Current statistics indicate that over 22,000 women are diagnosed with ovarian cancer every year. Ovarian cancer is considered a serious and often lethal form of the disease since it can be present for a considerable amount of time before it causes symptoms. This results in the disease being more advanced upon initial diagnosis, resulting in fewer treatment options that render a great degree of success. Cancer Treatment Centers of America (CTCA) is attempting to change these statistics by using genetic testing and tumor markers to provide more targeted treatment options for this often deadly disease. Consider one woman’s courageous story of hope and the tremendous amount of support and care she received from CTCA.
The Courageous Story of Christine: An Ovarian Cancer Survivor
When she was only 30 years old, Christine began experiencing sharp pain in her side. Since it was winter time and bad weather was approaching, a friend encouraged Christine to seek medical care at a local emergency room. Doctors were suspecting a straightforward case of appendicitis, but they were all shocked when biopsy results revealed that Christine had ovarian cancer. Since she had young children at home, Christine prepared for the battle of a lifetime as she began an extensive chemotherapy regime that lasted several months.
Disappointing Post-Treatment News
Several months after completing the harsh combination chemotherapy regime she underwent, Christine was disheartened to discover that her cancer was steadily growing just a few weeks after surgeons attempted to completely remove it via major surgery. Christine was devastated when doctors encouraged her to get her affairs in order because she likely only had a month left to enjoy the company of her husband and children. However, Christine was not ready to give up just yet. She subsequently tried a different chemotherapy drug which initially proved to be successful in arresting the growth of her cancer. She also completed radiation therapy following an additional surgery and was found to be in remission.
The Dreaded News of Recurrence
Over two years following being told she was in remission, Christine learned the devastating news that her cancer had once again reared its ugly head. This time tests showed it had spread to her liver, so she had surgery to remove the cancerous portion of her liver. With additional spread to her lymph nodes shortly after this discovery, doctors once again encouraged Christine to enjoy what little time she had left with her family.
Instead of throwing in the towel, Christine and her family decided to see the cancer professionals at Cancer Treatment Centers of America. The dedicated professionals at CTCA encouraged Christine to undergo genetic testing on her tumor. This would allow them to discover the unique genetic composition of her tumors so that a targeted treatment approach could be offered that would be more likely to offer a successful resolution to the disease. Christine subsequently underwent an advanced genetic test that analyzed her tumor against 315 various genetic profiles. The test results revealed which treatment option Christine’s tumors would be most likely to respond to, allowing her to begin an effective course of treatment at once. Christine’s treatment was an oral medication taken daily over a period of three years. Follow up tests showed that Christine was once again cancer free following this novel genetic approach to treating her cancer.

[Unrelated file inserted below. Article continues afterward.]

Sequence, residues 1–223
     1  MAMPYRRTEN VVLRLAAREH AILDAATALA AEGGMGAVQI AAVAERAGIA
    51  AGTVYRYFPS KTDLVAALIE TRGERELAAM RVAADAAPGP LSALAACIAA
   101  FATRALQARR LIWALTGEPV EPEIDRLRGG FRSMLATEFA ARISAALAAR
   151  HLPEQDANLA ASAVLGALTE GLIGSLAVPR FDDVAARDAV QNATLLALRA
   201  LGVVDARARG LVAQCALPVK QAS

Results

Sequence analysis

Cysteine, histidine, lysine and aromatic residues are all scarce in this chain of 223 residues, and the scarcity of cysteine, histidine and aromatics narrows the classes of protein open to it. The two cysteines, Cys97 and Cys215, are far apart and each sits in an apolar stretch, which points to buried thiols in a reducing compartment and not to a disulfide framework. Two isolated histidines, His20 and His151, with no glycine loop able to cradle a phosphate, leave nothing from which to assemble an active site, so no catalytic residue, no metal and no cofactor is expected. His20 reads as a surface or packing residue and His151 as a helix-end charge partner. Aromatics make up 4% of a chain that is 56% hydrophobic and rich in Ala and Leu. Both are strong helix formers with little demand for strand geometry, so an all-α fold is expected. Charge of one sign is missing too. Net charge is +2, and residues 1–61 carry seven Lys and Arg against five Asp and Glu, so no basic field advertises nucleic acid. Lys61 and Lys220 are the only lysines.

Christine, along with the compassionate professionals at Cancer Treatment Centers of America, want patients to realize that there is hope even for the most advanced cases of cancer. The advent of genetic testing is still relatively new and more research is still needed in this area. However, genetic testing appears to be an exciting upcoming avenue by which to provide more effective treatment options for cancer patients all across the United States. By testing a cancer patient’s tumors and biological blood markers, a specific treatment regime that is more likely to be effective in their particular type of cancer can often be found. Attempts are also being made to provide tests that allow for cancer to be accurately diagnosed at an earlier stage, allowing for improved outcomes for patients long-term. With both earlier and more accurate diagnosis as well as targeted treatment options, more cancer patients today will see the type of success they are hoping for from their treatment regimes.